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Golf | SA

Martin Kaymer © Gallo Images

Kaymer leads with Louis, Charl in tow

Martin Kaymer recovered from an early bogey to fire a third-round score of 70 on Saturday and will carry a one-stroke lead into the final round of the Nedbank Golf Challenge at the Gary Player Country Club.

The German found trouble at the par-four third hole, and in the end did well to salvage a bogey as he slipped back to two-under for the tournament. But his display from that point onward was polished, as he made no further bogeys and finished the day on five-under courtesy of three birdies.

The local crowds will be salivating at the prospect of a South African winner though, as Louis Oosthuizen and Charl Schwartzel head into day four at four and three under respectively. Oosthuizen was particularly impressive on the day, as he amassed five birdies en route to score of 69, and will be paired with Kaymer in the final round.

The 2010 Open champion did suffer bogeys at the fifth and 10th holes, but otherwise cruised around the Sun City course serenely and could have perhaps gone deeper had a few more makeable putts dropped.

His compatriot Schwartzel put in a measured display as he made just one bogey in his round of 70, and the man from Vereeniging will start tomorrow’s round on three-under par. He will be playing with defending champion Lee Westwood, who today looked determined to keep his grip on the trophy for a third successive year. The Englishman was again not quite on his game, but tenaciously ground out a handy score of 70 to reach two-under for the tournament.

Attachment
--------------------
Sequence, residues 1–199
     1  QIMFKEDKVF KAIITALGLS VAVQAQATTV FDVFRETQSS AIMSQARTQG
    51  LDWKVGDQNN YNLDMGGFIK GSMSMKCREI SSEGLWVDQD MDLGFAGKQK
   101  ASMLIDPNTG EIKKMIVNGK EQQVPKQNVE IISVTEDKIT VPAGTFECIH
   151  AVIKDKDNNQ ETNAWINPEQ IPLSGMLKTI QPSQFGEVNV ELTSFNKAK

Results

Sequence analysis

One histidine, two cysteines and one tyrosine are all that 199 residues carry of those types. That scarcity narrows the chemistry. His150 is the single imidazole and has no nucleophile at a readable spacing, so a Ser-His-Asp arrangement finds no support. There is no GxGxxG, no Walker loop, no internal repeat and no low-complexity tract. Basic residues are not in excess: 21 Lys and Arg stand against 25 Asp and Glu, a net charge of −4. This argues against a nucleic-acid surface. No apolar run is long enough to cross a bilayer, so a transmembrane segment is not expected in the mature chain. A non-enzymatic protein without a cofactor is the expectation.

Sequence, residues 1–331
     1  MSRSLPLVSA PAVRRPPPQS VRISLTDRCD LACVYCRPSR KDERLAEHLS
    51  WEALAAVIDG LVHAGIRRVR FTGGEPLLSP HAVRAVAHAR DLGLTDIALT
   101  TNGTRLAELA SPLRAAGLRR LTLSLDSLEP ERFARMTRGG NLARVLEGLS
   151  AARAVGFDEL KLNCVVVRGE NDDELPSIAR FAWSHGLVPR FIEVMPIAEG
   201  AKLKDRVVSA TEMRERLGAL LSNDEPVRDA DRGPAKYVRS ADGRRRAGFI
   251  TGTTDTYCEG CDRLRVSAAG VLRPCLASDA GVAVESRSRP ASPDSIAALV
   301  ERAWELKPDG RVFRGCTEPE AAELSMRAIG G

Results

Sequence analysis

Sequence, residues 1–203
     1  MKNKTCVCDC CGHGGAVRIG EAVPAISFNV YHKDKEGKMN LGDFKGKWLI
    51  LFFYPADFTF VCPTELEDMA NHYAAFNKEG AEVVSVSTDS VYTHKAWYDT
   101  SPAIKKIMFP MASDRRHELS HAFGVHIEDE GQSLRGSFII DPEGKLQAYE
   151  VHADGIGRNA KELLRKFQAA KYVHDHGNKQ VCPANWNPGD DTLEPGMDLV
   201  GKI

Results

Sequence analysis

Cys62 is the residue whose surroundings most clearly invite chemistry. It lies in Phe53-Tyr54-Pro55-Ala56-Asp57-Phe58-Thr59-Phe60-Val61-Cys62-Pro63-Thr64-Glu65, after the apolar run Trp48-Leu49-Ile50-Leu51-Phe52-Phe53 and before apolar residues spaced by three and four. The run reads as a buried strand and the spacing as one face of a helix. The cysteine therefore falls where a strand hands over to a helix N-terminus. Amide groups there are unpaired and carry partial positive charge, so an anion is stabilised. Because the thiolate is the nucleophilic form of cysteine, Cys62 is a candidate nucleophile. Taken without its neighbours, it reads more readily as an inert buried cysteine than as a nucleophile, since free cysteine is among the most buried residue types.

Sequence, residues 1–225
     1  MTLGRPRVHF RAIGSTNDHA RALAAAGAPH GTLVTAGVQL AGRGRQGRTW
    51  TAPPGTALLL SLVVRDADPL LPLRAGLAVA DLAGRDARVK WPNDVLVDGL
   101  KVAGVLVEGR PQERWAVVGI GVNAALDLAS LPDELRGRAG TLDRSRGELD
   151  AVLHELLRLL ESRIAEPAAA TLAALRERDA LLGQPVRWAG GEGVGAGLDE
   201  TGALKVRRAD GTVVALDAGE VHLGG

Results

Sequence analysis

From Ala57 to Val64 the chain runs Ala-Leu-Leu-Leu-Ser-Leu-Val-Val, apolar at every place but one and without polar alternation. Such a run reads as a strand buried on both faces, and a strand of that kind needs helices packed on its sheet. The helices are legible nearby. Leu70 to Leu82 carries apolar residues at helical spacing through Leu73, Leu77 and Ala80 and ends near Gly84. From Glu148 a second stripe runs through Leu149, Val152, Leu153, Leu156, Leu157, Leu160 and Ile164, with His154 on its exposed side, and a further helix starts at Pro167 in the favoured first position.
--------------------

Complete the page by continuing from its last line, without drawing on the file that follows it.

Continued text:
Bill Haas will also start the day on two under, and he will have second-round leader Paul Lawrie for company. An unconvincing round of 75 put a dampener on the Scot’s chances of scooping the $1 250 000 first prize, and he will need to turn things around dramatically if he is to overhaul the five golfers in front of him.

The third edition of the Nedbank Champions Challenge came to its conclusion on Saturday, and, although he played his poorest golf of the tournament on the day, Bernhard Langer claimed the title by two strokes from Jay Haas after a final round of 74.

The former Masters champion appeared to be giving his contenders a sniff after bogeying the 17th hole and finding trouble at the 18th with his tee shot. However, he showed the steel of a champion as he recovered to make a par and claim the $250 000 first prize.

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